The Impact of Lockdown on Our Zoos
Published: Feb 9, 2021Over the past year the UK has seen successive national and regional lockdowns, as well as the introduction of complex tier systems that have placed restrictions on movement and interaction with others due to the spread of the coronavirus.
The full extent of these lockdowns will probably not be known for many months, or even years, to come. With that said, at the time of writing, we are in our third national lockdown and we’re going to look at the impact that the lockdowns have had on our zoos so far.
Paignton Zoo and Newquay Zoo, both owned by Wild Planet Trust, closed their doors in 2020 for the first national lockdown on Monday 23rd March. While the zoos were closed we had no income, apart from funds kindly raised by our supporters through fundraising campaigns. Unfortunately, the result of the first national lockdown meant the zoos were £3 million down on their expected financial position for that time of the year, having missed the increased footfall over the Easter holidays from guests and regulars. Paignton Zoo and Newquay Zoo cost an estimated £20,000 and £5,000 per day to run respectively so to keeps costs to a minimum during this time, difficult decisions were made to furlough non-essential staff and to make redundancies.
Following the first lockdown we had to restrict the numbers of guests coming into our zoos, in line with government guidelines, to keep both staff and visitors safe. Added to this, both Paignton and Newquay Zoo created new Covid safety signage and floor markers for social distancing; this, of course, came at an extra cost at an already very tight time financially, but this was a necessity for reopening and welcoming guests back into our zoos.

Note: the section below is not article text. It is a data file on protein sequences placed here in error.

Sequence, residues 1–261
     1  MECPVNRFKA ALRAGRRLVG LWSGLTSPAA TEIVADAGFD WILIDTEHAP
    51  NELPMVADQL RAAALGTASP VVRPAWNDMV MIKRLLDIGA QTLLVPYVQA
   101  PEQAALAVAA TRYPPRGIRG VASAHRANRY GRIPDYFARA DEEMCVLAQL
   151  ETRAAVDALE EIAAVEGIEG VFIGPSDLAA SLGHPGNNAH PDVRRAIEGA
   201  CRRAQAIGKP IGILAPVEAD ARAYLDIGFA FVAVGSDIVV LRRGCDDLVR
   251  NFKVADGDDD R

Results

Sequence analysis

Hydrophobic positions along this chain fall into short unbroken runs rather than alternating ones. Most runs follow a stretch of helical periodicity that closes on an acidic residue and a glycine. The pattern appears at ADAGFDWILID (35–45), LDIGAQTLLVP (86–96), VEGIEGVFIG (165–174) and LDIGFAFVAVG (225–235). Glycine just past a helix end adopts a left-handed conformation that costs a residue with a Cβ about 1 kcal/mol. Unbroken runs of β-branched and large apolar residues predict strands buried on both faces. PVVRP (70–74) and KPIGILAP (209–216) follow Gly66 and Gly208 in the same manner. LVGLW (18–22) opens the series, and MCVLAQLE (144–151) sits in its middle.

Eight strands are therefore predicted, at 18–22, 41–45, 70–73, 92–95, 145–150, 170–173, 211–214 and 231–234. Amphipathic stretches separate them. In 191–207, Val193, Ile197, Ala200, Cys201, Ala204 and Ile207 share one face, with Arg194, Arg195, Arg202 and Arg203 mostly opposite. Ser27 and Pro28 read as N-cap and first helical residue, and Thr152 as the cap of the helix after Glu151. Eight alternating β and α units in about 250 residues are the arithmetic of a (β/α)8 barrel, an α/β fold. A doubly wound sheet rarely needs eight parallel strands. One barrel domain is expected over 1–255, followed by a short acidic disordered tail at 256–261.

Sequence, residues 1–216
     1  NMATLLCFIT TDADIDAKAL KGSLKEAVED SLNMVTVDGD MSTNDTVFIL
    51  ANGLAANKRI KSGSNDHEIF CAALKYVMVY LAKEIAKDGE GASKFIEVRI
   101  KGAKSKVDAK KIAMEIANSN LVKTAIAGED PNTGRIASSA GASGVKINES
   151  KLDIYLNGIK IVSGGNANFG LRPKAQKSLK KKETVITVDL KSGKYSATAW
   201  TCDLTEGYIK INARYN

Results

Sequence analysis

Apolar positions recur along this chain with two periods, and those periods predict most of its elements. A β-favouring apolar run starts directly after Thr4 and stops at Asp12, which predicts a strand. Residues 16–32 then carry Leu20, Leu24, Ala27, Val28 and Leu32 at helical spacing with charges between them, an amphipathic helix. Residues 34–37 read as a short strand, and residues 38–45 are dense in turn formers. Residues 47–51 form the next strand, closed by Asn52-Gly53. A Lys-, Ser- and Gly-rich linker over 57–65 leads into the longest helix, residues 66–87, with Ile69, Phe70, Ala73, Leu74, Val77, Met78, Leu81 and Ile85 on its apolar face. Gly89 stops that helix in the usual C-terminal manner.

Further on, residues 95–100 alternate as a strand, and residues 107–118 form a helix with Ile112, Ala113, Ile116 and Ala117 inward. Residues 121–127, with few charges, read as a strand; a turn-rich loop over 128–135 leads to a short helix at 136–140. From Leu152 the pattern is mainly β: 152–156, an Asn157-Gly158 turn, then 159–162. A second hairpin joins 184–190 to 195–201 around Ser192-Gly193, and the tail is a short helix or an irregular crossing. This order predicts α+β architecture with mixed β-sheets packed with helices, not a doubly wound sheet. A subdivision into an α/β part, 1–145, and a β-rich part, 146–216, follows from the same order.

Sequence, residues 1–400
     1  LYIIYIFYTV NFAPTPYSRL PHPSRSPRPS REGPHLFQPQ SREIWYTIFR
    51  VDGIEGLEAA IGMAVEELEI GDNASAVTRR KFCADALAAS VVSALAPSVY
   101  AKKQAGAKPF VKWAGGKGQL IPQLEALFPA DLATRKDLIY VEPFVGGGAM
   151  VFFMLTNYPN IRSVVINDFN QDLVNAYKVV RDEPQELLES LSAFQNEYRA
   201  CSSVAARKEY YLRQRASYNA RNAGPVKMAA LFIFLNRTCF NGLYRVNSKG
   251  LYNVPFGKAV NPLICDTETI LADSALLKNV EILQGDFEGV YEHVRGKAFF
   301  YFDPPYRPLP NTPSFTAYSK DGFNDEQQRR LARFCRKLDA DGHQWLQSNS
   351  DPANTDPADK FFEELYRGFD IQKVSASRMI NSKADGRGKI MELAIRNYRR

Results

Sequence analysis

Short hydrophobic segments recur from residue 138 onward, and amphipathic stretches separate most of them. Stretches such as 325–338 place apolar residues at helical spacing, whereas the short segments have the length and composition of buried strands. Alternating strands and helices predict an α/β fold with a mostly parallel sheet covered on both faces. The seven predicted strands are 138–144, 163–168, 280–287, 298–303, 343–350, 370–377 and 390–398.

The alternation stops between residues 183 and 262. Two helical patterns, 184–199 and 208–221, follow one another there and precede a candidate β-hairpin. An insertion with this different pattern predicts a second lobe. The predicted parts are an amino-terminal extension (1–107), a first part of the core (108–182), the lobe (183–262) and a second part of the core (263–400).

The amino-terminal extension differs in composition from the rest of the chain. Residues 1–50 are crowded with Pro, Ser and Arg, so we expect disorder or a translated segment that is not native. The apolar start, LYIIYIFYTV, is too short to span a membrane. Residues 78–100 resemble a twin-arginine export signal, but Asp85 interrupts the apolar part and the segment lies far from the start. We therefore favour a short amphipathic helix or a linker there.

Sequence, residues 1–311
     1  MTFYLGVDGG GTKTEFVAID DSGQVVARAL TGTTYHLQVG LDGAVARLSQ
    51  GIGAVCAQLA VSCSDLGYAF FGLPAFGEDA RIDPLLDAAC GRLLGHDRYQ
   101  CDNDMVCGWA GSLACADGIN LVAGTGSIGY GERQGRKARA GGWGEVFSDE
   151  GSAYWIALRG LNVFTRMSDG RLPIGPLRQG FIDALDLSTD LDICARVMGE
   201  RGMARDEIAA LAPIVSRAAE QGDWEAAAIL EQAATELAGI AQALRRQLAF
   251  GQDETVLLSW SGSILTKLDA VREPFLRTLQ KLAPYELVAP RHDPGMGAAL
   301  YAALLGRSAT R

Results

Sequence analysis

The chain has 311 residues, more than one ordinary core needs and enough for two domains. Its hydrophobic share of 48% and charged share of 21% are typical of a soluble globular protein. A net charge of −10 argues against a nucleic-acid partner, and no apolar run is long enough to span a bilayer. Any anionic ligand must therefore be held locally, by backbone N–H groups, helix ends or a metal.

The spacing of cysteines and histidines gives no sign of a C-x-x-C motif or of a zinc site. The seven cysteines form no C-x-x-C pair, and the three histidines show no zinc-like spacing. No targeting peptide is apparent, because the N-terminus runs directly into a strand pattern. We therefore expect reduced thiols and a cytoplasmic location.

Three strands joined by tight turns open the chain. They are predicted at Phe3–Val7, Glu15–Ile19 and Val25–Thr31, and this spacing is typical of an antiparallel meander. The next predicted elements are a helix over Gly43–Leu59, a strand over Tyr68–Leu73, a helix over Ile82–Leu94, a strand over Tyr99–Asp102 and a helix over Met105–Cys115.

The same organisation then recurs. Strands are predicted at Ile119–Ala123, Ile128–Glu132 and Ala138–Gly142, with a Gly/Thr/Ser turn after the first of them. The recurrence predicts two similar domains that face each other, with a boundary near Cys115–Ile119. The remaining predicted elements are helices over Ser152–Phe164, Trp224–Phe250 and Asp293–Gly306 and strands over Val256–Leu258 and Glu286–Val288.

From a living collection standpoint, the successive lockdowns have been both a blessing and a curse. Animal moves are an important part of zoos operating smoothly and the restrictions in place have meant that our planned animal moves have been disrupted, especially international ones. Some of our animals have also noticed the quieter days – parrots in particular, as they typically gain a lot of stimulation from watching the steady stream of guests. Operational changes have also had an impact on our animals, including the safety measures put in place for our keepers to keep themselves and our animals safe, for example:
- All staff are keeping their distance, hand washing and wearing masks when in close proximity - if needed for animal welfare matters
- The keeper teams are working in 'bubbles'
- Keepers are taking it in turns to have breaks to avoid contact between bubbles
- Staff are not sharing vehicles or tools and are disinfecting them between use
- Extra care is taken to wear masks when working with our orangs and gorillas
Whilst the lockdowns have caused disruption and have added steps to our keeper’s regular schedules, there are some benefits to our zoos being closed (in the short term). Having a quiet zoo means that gardens and seasonal maintenance work, such as cutting back borders and mulching, which involves a lot of vehicle movements around site, can go ahead throughout the day. During opening times we try to minimise such work for safety and guests experience reasons. Not having visitors means that the gardens and maintenance teams can move bulky materials around the zoos more freely and leave those materials on site where it is required. The gardens team have also taken the closures as an opportunity to carry out some important safety tree works which would be very disruptive to the guest experience were it to be carried out when the zoo is open.
It is needless to say that during these lockdowns and the wider unprecedented times in which we are living it is important to focus on the positives where possible. Whilst the zoos are closed, we continue to work behind the scenes to care for our animals and improve the zoos for when we can welcome visitors back.
Since the first national lockdown and over the past 10 months we have been overwhelmed with the support we have received. Our Virgin Money Giving campaigns have reached an amazing £142,840.42 for Paignton Zoo and £54,723.26 for Newquay Zoo at the time of writing. So we would like to say a massive thank you for all your donations, kind words and gestures at this time and we look forward to welcoming you back as soon as it is possible.
If you would like to help raise funds or donate you can find out more here: